Red Bull team principal Christian Horner has refused to single out a member of the outfit for blame after the pit-stop blunder which cost Daniel Ricciardo a potential victory at the Monaco GP.
Ricciardo appeared ready to retake the lead from Lewis Hamilton after pitting on lap 32, but missed the chance after being left waiting an extra nine seconds as the team struggled to find the correct tyres to fit on his car.
Horner admitted the team owed Ricciardo a “huge apology”, and has since completed an investigation into why the mishap occured.
“With all such things there is never simply one thing that stands out as a root cause,” he told reporters. “It was the culmination of a number factors that came into play during the race — Max’s stop (Verstappen pitted a lap earlier), an aborted stop, a change of tyre compound.
“All of those things contributed to a scenario where ultimately the tyres that were believed to be available were not within the garage, but were in an area that was quite difficult to access and that, of course, led to the tyres not being available to Daniel at the point at which he stopped.”
While Horner refused to blame anyone for the mistake, he made it clear that he expects the team to learn from the incident.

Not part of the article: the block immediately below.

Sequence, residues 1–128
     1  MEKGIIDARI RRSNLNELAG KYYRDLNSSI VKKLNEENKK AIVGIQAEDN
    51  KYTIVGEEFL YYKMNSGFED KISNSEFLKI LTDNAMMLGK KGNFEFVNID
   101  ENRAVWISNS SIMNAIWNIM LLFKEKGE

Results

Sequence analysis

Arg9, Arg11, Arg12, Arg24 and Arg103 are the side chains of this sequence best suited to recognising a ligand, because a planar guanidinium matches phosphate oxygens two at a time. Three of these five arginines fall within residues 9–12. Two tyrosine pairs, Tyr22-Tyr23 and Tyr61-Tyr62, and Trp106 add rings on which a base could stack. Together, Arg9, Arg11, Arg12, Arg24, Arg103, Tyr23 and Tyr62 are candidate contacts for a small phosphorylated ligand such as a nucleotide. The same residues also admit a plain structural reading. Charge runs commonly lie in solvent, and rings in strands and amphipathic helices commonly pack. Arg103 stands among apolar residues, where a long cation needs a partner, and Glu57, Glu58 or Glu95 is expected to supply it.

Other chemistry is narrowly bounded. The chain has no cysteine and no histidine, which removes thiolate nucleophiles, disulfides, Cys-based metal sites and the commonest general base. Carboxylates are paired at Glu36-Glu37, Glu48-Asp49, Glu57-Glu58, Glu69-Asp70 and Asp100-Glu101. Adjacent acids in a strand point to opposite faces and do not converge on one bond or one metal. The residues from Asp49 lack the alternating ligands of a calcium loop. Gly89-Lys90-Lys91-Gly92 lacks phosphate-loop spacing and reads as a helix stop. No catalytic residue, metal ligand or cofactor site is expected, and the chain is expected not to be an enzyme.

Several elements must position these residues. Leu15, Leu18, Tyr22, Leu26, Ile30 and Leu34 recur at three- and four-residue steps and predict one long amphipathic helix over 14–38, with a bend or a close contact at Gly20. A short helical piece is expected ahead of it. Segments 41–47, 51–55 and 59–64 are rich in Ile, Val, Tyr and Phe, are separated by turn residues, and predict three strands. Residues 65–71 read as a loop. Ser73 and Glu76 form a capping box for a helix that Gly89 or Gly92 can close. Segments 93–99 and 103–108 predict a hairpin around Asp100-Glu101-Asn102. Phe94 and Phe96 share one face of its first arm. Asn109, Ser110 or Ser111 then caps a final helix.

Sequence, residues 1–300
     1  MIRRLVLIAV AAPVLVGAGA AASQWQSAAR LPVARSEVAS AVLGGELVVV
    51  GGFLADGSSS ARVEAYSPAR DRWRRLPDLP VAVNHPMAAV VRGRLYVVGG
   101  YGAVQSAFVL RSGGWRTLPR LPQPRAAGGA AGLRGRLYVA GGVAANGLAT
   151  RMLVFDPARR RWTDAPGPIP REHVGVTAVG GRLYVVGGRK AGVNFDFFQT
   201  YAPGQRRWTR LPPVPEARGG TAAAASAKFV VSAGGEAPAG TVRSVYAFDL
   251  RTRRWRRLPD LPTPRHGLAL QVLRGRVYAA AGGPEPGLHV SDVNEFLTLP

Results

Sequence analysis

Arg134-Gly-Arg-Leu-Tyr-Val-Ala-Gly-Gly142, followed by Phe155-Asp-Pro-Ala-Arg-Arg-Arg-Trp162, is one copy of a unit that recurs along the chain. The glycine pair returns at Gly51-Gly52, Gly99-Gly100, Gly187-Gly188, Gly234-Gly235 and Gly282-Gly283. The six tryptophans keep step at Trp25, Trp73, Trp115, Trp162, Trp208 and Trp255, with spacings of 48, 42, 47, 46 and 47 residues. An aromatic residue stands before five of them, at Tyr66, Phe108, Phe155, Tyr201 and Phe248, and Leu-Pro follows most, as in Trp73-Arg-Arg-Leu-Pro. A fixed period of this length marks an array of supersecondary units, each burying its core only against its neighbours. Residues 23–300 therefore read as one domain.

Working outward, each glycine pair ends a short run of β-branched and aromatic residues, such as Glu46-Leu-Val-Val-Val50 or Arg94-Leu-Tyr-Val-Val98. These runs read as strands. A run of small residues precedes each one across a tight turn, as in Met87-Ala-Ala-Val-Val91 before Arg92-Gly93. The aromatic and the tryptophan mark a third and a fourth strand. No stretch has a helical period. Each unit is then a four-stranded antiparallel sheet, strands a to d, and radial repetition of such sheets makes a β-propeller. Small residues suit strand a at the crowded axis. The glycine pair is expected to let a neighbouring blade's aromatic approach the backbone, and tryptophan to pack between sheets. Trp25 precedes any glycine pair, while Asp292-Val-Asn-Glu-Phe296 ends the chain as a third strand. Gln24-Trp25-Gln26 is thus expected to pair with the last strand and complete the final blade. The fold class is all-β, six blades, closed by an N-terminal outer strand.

“Inevitably there’s been a huge amount of analysis into what happened, why it happened and also into preventative measures to ensure that it doesn’t happen again,” he added.
“Yes, it was hugely frustrating, but afterwards it was never going to be a finger-pointing exercise. As I said after the race, we win and we lose together as a team.
“It’s a question of understanding what went wrong, working as a team to solve the issue and then taking steps to ensure it doesn’t happen again.
“In competitive sport you are always pushing right to the edge and that’s what happened in Monaco. Now we simply need to make sure that robust procedures are put in place to cover any given scenario.”
Ricciardo was visibly angry after the race, in which he eventually finished second, but the Australian has been backed to shine at the Canadian GP.
“Understandably, he was very emotional after the race and totally gutted to have put in such a great performance but not to have achieved the win,” Horner said. “You can’t turn the clock back, but you can address what’s coming.
“He’s third in the championship, he’s heading to a venue that holds some fantastic memories for him and hopefully we can again give him a competitive car there.”